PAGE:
Something I really love about the race system in AGE is that you can make a half-anything. If you want your character to be half-dwarf, half-orc, that is completely possible. When a player decides to make a mixed-race character, she selects one primary race and gets all of its benefits except for the table rolls. Instead, the player rolls once on that table, and once on the table of whichever race was the secondary. I enjoy how quick and dirty this is, and also that it balances out the tendency to only have half-elves and half-orcs in most games.
Once the race has been selected/generated, and the background’s rolled for, players pick a class. There are three classes, which might satisfy some of those old-school-DnD folks who don’t want a ton of class proliferation. They hit the three main concepts: warriors are your tanks and sustained dps; rogues are your skill specialists and burst/precision dps, getting a sneak attack right at the outset; and mages handle all magic. However, because of the way that the system’s been built, with no Base Attack Bonus or the like, you could absolutely make a melee-based Mage.
Each class gains a few things at the first level, including base hit points (modified by a die roll and Con), some weapon proficiencies, and a few things that help distinguish them from one another. Rogues have the aforementioned sneak attack, though in AGE it’s based on having a higher Dex than your target rather than any sort of positioning. Mages gain training in a pair of magical disciplines, and have a basic, eldritch-blast style ranged attack that’s always at their disposal. Warriors are the most flexible, just selecting training in one of a list of talents related to various weapon approaches.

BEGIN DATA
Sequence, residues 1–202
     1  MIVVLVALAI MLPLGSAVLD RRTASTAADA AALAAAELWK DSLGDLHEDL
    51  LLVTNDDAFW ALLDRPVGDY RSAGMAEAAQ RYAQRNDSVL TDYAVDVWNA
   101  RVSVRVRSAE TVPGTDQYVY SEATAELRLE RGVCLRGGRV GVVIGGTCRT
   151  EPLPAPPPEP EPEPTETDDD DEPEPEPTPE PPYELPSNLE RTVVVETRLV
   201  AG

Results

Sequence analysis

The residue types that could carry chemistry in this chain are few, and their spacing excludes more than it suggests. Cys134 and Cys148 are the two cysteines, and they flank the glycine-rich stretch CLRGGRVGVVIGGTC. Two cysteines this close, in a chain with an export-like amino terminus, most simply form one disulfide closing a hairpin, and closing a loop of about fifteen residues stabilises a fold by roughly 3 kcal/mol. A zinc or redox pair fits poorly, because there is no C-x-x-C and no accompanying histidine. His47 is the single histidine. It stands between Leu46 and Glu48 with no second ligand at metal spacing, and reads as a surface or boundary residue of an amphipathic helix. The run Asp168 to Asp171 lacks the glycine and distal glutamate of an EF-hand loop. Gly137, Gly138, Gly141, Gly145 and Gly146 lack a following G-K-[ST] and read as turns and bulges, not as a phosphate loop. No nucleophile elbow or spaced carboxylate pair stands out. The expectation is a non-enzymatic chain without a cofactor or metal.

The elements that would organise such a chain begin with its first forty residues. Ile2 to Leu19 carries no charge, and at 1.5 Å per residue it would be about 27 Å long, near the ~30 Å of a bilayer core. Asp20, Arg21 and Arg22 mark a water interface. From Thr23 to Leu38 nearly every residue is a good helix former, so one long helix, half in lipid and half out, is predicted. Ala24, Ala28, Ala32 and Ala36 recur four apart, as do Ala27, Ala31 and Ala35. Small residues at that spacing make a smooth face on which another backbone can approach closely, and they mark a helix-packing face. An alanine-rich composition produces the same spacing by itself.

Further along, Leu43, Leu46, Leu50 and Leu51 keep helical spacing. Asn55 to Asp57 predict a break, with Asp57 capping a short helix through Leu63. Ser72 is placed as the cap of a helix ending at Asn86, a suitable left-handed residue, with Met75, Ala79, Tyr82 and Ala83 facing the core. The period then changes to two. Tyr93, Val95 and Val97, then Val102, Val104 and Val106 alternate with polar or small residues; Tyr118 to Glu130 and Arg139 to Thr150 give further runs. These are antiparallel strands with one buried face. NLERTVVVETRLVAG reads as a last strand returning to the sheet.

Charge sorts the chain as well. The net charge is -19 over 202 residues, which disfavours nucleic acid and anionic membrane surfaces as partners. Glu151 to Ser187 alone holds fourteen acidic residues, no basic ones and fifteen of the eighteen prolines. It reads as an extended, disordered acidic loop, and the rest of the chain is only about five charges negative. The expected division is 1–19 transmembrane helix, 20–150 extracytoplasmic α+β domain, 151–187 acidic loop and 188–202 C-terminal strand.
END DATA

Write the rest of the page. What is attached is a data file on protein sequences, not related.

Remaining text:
The Talents are the core of the game’s customization, and are doled out by classes at various levels. Talents have three tiers, and selecting one puts you at the Novice level. As you level, you’ll hit points where you can either select a new talent or advance in a previous one. This presents a simple, but flexible system that would be easy to generate new content for. As an example, I rolled a fighter and took the pole weapon style. At Novice tier, this allows him to treat enemies up to 4 yards away as adjacent, and as he advances the talent he gains more abilities that focus on maintaining a superior position on the battlefield. My wife went with a two-handed fighter for one of her characters, and at the Novice level that allows her to reposition a target by 2 yards on any hit.